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Chapter 30

THE MEETING FOR RAIN.


Meanwhile the Auld Lichts were in church, waiting for their
minister, and it was a full meeting, because nearly every well in
Thrums had been scooped dry by anxious palms. Yet not all were
there to ask God's rain for themselves. Old Charles Yuill was in
his pew, after dreaming thrice that he would break up with the
drought; and Bell Christison had come, though her man lay dead at
home, and she thought it could matter no more to her how things
went in the world.

You, who do not love that little congregation, would have said
that they were waiting placidly. But probably so simple a woman as
Meggy Rattray could have deceived you into believing that because
her eyes were downcast she did not notice who put the three-penny-
bit in the plate. A few men were unaware that the bell was working
overtime, most of them farmers with their eyes on the windows, but
all the women at least were wondering. They knew better, however,
than to bring their thoughts to their faces, and none sought to
catch another's eye. The men-folk looked heavily at their hats in
the seats in front. Even when Hendry Munn, instead of marching to
the pulpit with the big Bible in his hands, came as far as the
plate and signed to Peter Tosh, elder, that he was wanted in the
vestry, you could not have guessed how every woman there, except
Bell Christison, wished she was Peter Tosh. Peter was so taken
aback that he merely gaped at Hendry, until suddenly he knew that
his five daughters were furious with him, when he dived for his
hat and staggered to the vestry with his mouth open. His boots
cheeped all the way, but no one looked up.

"I hadna noticed the minister was lang in coming," Waster Lunny
told me afterward, "but Elspeth noticed it, and with a quickness
that baffles me she saw I was thinking o' other things. So she let
out her foot at me. I gae a low cough to let her ken I wasna
sleeping, but in a minute out goes her foot again. Ay, syne I
thocht I micht hae dropped my hanky into Snecky Hobart's pew, but
no, it was in my tails. Yet her hand was on the board, and she was
working her fingers in a way that I kent meant she would like to
shake me. Next I looked to see if I was sitting on her frock, the
which tries a woman sair, but I wasna, 'Does she want to change
Bibles wi' me?' I wondered; 'or is she sliding yont a peppermint
to me?' It was neither, so I edged as far frae her as I could
gang. Weel, would you credit it, I saw her body coming nearer me
inch by inch, though she was looking straucht afore her, till she
was within kick o' me, and then out again goes her foot. At that,
dominie, I lost patience, and I whispered, fierce-like, 'Keep your
foot to yoursel', you limmer!' Ay, her intent, you see, was to
waken me to what was gaen on, but I couldna be expected to ken
that."

In the vestry Hendry Munn was now holding counsel with three
elders, of whom the chief was Lang Tammas.

"The laddie I sent to the manse," Hendry said, "canna be back this
five minutes, and the question is how we're to fill up that time.
I'll ring no langer, for the bell has been in a passion ever since
a quarter-past eight. It's as sweer to clang past the quarter as a
horse to gallop by its stable."

"You could gang to your box and gie out a psalm, Tammas,"
suggested John Spens.

"And would a psalm sung wi' sic an object," retorted the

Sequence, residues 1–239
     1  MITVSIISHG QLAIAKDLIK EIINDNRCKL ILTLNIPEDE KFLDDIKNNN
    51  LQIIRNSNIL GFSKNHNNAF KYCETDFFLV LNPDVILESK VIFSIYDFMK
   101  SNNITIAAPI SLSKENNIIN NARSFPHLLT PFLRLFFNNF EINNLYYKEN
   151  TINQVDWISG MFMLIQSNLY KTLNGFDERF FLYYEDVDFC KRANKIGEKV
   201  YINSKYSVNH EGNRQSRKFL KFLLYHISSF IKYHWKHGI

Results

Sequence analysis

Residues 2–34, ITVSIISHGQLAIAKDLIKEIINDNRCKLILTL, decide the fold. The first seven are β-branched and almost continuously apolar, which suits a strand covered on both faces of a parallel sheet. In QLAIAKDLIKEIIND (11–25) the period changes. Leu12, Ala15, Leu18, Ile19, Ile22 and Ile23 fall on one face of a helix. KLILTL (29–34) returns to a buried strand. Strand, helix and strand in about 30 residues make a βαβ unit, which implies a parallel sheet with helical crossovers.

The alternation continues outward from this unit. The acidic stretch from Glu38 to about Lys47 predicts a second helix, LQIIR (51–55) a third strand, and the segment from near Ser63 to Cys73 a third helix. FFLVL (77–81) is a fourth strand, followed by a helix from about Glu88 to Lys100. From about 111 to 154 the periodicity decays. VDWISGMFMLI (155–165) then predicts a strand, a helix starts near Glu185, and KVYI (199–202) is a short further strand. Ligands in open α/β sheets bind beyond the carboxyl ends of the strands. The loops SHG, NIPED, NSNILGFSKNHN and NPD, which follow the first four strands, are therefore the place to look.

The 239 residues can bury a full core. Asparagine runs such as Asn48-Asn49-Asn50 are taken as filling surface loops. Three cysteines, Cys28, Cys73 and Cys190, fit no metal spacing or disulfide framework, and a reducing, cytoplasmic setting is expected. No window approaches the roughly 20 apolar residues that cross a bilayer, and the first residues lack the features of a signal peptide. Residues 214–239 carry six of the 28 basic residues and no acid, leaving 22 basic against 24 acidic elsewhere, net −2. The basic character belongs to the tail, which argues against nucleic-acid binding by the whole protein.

precentor, "mount higher, think you, than a bairn's kite? I'll
insult the Almighty to screen no minister."

"You're screening him better by standing whaur you are," said the
imperturbable Hendry; "for as lang as you dinna show your face
they'll think it may be you that's missing instead o' Mr.
Dishart."

Indeed, Gavin's appearance in church without the precentor would
have been as surprising as Tammas's without the minister. As
certainly as the shutting of a money-box is followed by the
turning of the key, did the precentor walk stiffly from the vestry
to his box a toll of the bell in front of the minister. Tammas's
halfpenny rang in the plate as Gavin passed T'nowhead's pew, and
Gavin's sixpence with the snapping-to of the precentor's door. The
two men might have been connected by a string that tightened at
ten yards.

"The congregation ken me ower weel," Tammas said, "to believe I
would keep the Lord waiting."

"And they are as sure o' Mr. Dishart," rejoined Spens, with
spirit, though he feared the precentor on Sabbaths and at prayer-
meetings. "You're a hard man."

"I speak the blunt truth," Whamond answered.

"Ay," said Spens, "and to tak' credit for that may be like blawing
that you're ower honest to wear claethes."

Hendry, who had gone to the door, returned now with the
information that Mr. Dishart had left the manse two hours ago to
pay visits, meaning to come to the prayer-meeting before he
returned home.

"There's a quirk in this, Hendry," said Tosh. "Was it Mistress
Dishart the laddie saw?"

"No," Hendry replied. "It was Jean. She canna get to the meeting
because the mistress is nervous in the manse by herself; and Jean
didna like to tell her that he's missing, for fear o' alarming
her. What are we to do now?"

"He's an unfaithful shepherd," cried the precentor, while Hendry
again went out. "I see it written on the walls."

"I dinna," said Spens doggedly.

"Because," retorted Tammas, "having eyes you see not."

"Tammas, I aye thocht you was fond o' Mr. Dishart."

"If my right eye were to offend me," answered the precentor. "I
would pluck it out. I suppose you think, and baith o' you farmers
too, that there's no necessity for praying for rain the nicht?
You'll be content, will ye, if Mr. Dishart just drops in to the